Conference steering committee members include (from left) David Hawkins, Catherine Palmer (chair), David Fabry, and Richard Seewald (not shown: Robyn Cox and Ora Buerkli).

Warrenville, Ill—About 400 delegates—almost 200 of whom were from 27 countries outside the United States—attended the conference, “Hearing Care for Adults,” hosted by Phonak Hearing Systems during mid-November. The goal of the conference was to provide hearing care providers with education and professional development about hearing aid fitting in the adult population. Presenters covered a wide range of information on the special needs of the adult population, including patient characteristics, demographics, assessment, high frequency hearing losses, technology, assistive technology, outcomes, post-fitting follow-up considerations, and practice guidelines. The conference brought together many different providers from all walks of audiology. In her opening comments, Phonak USA President Cathy Jones emphasized Phonak’s commitment to quality health care through diagnostics, evaluation, and amplification. An audiologist herself, she provided a diverse perspective into the domain of hearing aids.

The keynote session, “Personality of Hearing Aid Patients: Before, During and After the Fitting,” was delivered (via Webcast) by Robyn Cox of the University of Memphis and set the stage for a comprehensive array of talks addressing research studies and clinical implications for hearing aid assessment, fitting, and aural rehabilitation.

Following lunch on the first day of the conference, Ruth Bentler of the University of Iowa presented her talk on “Audiometric Considerations for Hearing Aid Fitting.” Bentler reminded attendees that, although technology has advanced significantly, we must be realistic when explaining the benefits of hearing aid fittings. She stipulates that it is important to go back to the basics—the audiometric test procedures—in order to choose appropriate amplification. Even with the best technology available, there will be some patients who cannot achieve the kinds of benefit scores that might be hoped, and this is where patient counseling and education become crucial for optimizing the patient experience.

Although it is important to keep realistic expectations regarding appropriate fittings, hearing care providers have more options for their patients now more than ever before. Mead Killion of Etymotic Research demonstrated the benefits of this technological rise in his talk “Research and Clinical Implications for High-Fidelity Hearing Aids.” Killion discussed how hearing care providers should be closely analyzing the products they sell to patients. This should include an in-depth listening check that incorporates not only the Ling 6 sounds but a wide range of music, as well. He contends that a simple real-world listening check can bring evidence-based practice from the laboratory into the clinical setting.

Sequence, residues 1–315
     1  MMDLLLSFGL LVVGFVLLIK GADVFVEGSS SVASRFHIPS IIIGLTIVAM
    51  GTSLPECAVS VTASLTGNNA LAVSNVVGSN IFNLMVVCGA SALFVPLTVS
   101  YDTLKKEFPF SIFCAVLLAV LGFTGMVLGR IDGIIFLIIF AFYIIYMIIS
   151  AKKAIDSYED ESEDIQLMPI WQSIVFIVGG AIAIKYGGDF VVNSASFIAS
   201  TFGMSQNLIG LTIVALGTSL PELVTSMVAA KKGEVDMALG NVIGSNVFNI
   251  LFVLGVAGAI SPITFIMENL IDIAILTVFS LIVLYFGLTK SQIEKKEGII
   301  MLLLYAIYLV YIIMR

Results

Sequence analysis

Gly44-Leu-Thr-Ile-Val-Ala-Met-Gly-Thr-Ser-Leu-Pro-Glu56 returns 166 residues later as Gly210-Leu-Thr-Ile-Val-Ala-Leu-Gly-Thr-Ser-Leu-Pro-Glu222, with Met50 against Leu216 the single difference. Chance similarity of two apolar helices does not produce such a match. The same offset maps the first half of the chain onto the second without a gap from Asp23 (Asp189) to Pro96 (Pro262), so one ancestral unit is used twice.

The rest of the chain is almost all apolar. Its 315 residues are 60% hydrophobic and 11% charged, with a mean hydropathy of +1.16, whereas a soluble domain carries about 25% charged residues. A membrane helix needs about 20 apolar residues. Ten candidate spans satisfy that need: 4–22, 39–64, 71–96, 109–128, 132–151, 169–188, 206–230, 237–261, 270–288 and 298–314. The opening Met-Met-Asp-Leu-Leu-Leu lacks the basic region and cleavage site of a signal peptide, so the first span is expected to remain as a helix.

As the final presenter of the conference, Catherine Palmer of the University of Pittsburgh took attendees on an in-depth look at evidence-based practice in the clinical setting. Palmer not only discussed the importance of these measures, but she provided methods to obtain and analyze the data.

Included in the topic section, “Characteristics and Demographics of the Adult Hearing-impaired Population,” were presenters McCarthy and Pamela Souza from the USA, Lorienne Jenstad and Kathy Pichora-Fuller from Canada, as well as Adrian Davis from the United Kingdom. Stuart Gatehouse of Scotland teamed up with Bentler to present “Assessment Considerations.” Hearing aid fitting issues were covered by Richard Seewald and Susan Scollie of the National Centre of Audiology in Canada; Gitte Keidser and Harvey Dillon of the National Acoustics Laboratories (NAL) in Australia; Michael Boretzki and Stefan Launer of Phonak in Switzerland; and H. Gustav Mueller of the United States. Additionally, Scollie and Killion presented the seminar “High-frequency Forum.”

An overview of current technology included presentations by Todd Ricketts of Vanderbilt University and David Fabry of Phonak, and Juergen Kiessling of Germany. Presenting other points-of-view on the topic were Arthur Boothroyd, Theresa Hnath Chisolm, Rachel McArdle, Helena Solodar, and Linda Thibodeau. The end of the second day featured sessions by Larry Humes, Harvey Abrams, and Rachel McArdle of the United States, and Monique Boymans and Wouter Dreschler of the Netherlands who presented on outcomes measurements. The day was rounded out with an evening event sponsored by Phonak.

Download the Conference

Webcast presentations of “The Hearing Care for Adults Conference” are available online until March 1. The presentations can be downloaded from services.choruscall.com/links.

Welcoming attendees to the last morning of the conference, David Hawkins, Kelly Tremblay, Robert Sweetow, Theresa Walden, Brian Walden, and Michael Valente of the United States presented information on “Post-Fitting Follow-up Considerations and Practice Guidelines.” In addition to platform presentations, a poster session provided attendees with an update on a variety of amplification-related topics. A live Webcast allowed viewers from around the world with the opportunity to view the first day of the conference.

The impressive roster of speakers and subjects was assembled by an independent steering committee chaired by Catherine Palmer, with members Robyn Cox, David Hawkins, and Richard Seewald, David Fabry, and Ora Buerkli. The dispensing professionals and clinicians in attendance were provided with a wide variety of evidence-based information that will benefit them in future patient fittings.

This conference report was submitted to HR by BethAnn Jacques, an AuD student at University of Massachusetts at Amherst. For more information, contact [email protected]